Read this brief guide for assembling a solid portfolio that adds value to your college application.
It’s October of 2001. A 17-year-old, fresh-faced kid—fresh-faced not because he’s young or innocent, but because he has zero capacity for facial hair growth—gets ready to submit his early application to Harvard.
“Hang on a second,” he says to himself, realizing there’s an optional section labeled ‘portfolio’ at the end of the application. He reads the directions and sees that it’s an opportunity to submit original work to be evaluated by the admissions committee. The young lad dabbles in writing, but he’s unsure if any of his material is good enough to be included with his application. Thus, he spends the next day or two sifting through it, looking for pieces that show a decent level of skill but more importantly illuminate who he is as a person. He ultimately settles on a short story and three poems to include as his portfolio.
Clearly I’m not a clever writer, as you’ve likely figured out by now that this fresh-faced applicant in the narrative is yours truly (fourteen years later, I can almost grow a full beard). Though I have no way of knowing for sure, I believe that my portfolio submission was an asset to my application. Granted the writing was not incredible and I’ve since abandoned poetry because it’s deceptively difficult to write it well (nothing rhymes with purple or walrus!), but it was emblematic of who I was at the time.
The main point is that my portfolio added something to my application that wasn’t already there. It displayed my personality while simultaneously showing a creative side, something that can be especially helpful for applicants who are intensively into STEM: science, technology, engineering, and mathematics.
Here are a few tips to ensure that your portfolio does the same!
NOTE: You are not obligated to submit a portfolio unless you’re applying to a specific undergraduate program in something like art or architecture, so don’t feel the need to create one if you don’t have it. Ideally, the material included in a portfolio has been created without the portfolio in mind, meaning it’s work you’ve done on your own or perhaps for an assignment.
1. Pick Your Best Media
Here the word “media” is the plural form of “medium,” not the synonym for visual/filmed content. If you’re a creative person, chances are good there’s one medium that’s your strongest means of expression. Whatever this is—painting, writing, photography, music, or anything else—you always want to lead with your strongest material. If you are an incredible painter, though only consider three or four of your works to be standout, but also have hundreds of photographs you think are pretty decent, then you should still prioritize your paintings. Even if your portfolio only contains one item, if it’s by far the greatest thing you’ve ever created, that’s totally fine.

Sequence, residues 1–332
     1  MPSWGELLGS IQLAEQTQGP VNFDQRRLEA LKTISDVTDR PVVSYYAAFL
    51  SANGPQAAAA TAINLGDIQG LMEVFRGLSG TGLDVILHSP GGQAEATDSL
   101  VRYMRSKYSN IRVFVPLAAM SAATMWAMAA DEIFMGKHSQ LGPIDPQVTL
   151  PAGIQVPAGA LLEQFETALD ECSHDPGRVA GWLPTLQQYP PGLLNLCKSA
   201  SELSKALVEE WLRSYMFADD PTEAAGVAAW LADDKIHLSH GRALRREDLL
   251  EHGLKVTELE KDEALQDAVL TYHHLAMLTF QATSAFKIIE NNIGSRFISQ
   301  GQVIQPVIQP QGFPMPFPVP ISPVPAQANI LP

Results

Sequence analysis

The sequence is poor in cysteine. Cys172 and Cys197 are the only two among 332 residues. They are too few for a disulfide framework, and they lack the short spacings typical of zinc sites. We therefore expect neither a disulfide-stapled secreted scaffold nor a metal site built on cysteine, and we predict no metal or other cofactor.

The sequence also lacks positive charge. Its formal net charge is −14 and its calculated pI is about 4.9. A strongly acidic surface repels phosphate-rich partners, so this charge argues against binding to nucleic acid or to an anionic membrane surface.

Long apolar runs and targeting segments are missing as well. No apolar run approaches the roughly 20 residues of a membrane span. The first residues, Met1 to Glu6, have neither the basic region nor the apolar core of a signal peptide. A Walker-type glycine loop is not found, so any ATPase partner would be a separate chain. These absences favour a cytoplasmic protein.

Two quick notes to keep in mind.
Keep the originals: First, and hopefully this is obvious, you shouldn’t be sending the original/master copies of material like paintings or photographs (the kind shot on film). A picture of a picture will work fine, just make sure you take it with a high-resolution digital camera, not your phone.
Covers / unique interpretations can be used: The work you submit as part of your portfolio doesn’t necessarily need to be original, as is the case with many musical performances. If there’s a great recording of you singing “Nessun Dorma” in your school’s production of Turandot, send it in. If you created a multi-track recording of “Bohemian Rhapsody” using only harmonicas, definitely include that—and send me a copy too, please! Other work, like writing or visual art, should always be original and never plagiarized.
2. Variation is Also Good
While you certainly want to lead with your best work, you should also show your range. If you don’t have range and exclusively work in one medium, that’s cool, but if you express your creativity through multiple outlets, you absolutely want to show it. In the aforementioned ‘three-or-four paintings but hundreds of photographs’ scenario, you want to foreground your paintings while backing them up with your photo work. Let’s say you decide to include your three best paintings in the portfolio. It would probably be a good idea to include your two best photographs. You have a lot more material in that medium to choose from, so it might be difficult to narrow it down, but two solid photos are more valuable to a supplement than a dozen mediocre ones.